By a News Reporter-Staff News Editor at Defense & Aerospace Week -- Investigators publish new report on Aeronautics and Astronautics. According to news reporting from Memphis, Tennessee, by VerticalNews journalists, research stated, "Silica-based aerogel is an ideal thermal insulator with a makeup of up to 99% air associated with the highly porous nature of this material. Polyurea cross-linked silica aerogel (PCSA) has superior mechanical properties compared to the native aerogels yet retains the highly porous open pore network and functions as an ideal thermal insulator with added load-bearing capability necessary for some applications."
The news correspondents obtained a quote from the research from the University of Memphis, "Room temperature vulcanizing rubber-RTV 655 is a space qualified elastomeric thermal insulator and encapsulant with high radiation and temperature tolerance as well as chemical resistance. Storage and transport of cryogenic propellant liquids is an integral part of the success of future space exploratory missions and is an area under constant development. Limitations and shortcomings of current cryogenic tank materials and insulation techniques such as non-uniform insulation layers, self-pressurization, weight and durability issues of the materials used, has motivated the quest for alternative materials. Both RTV 655 and PCSA are promising space qualified materials with unique and tunable microscopic and macroscopic properties making them attractive candidates for this study. In this work, the effect of PCSA geometry and volume concentration on the thermal behavior of RTV 655 PCSA compound material has been investigated at room temperature and at a cryogenic temperature. Macroscopic and microscopic PCSA material was encapsulated at increasing concentrations in an RTV 655 elastomeric matrix. The effect of pulverization on the nanopores of PCSA as a method for creating large quantities of homogeneous PCSA microparticles has also been investigated and is reported. The PCSA volume concentrations ranged between 22% and 75% for both geometries."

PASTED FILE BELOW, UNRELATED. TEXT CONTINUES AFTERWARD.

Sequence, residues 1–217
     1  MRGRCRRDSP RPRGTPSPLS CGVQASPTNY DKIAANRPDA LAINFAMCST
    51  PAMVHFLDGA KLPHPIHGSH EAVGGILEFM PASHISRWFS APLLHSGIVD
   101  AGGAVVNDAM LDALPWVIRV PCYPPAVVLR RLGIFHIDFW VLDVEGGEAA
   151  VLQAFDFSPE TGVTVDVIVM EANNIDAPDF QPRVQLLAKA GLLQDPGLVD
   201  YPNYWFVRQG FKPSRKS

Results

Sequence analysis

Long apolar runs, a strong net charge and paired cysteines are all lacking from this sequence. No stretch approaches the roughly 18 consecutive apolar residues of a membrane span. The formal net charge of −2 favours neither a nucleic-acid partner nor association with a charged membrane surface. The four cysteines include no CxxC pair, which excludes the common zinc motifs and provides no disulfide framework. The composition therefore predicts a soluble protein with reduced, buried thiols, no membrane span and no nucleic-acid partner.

According to the news reporters, the research concluded: "Thermal conductivity measurements were performed based on the steady state transient plane source method."
For more information on this research see: Thermal conductivity studies of a polyurea cross-linked silica aerogel-RTV 655 compound for cryogenic propellant tank applications in space. Acta Astronautica, 2013;91():173-179. Acta Astronautica can be contacted at: Pergamon-Elsevier Science Ltd, The Boulevard, Langford Lane, Kidlington, Oxford OX5 1GB, England. (Elsevier - www.elsevier.com; Acta Astronautica - www.elsevier.com/wps/product/cws_home/310)
Our news journalists report that additional information may be obtained by contacting F. Sabri, University of Memphis, Dept. of Mech Engn, Memphis, TN 38152, United States. Additional authors for this research include J. Marchetta and K.M. Smith.
Keywords for this news article include: Memphis, Tennessee, United States, North and Central America, Aeronautics and Astronautics
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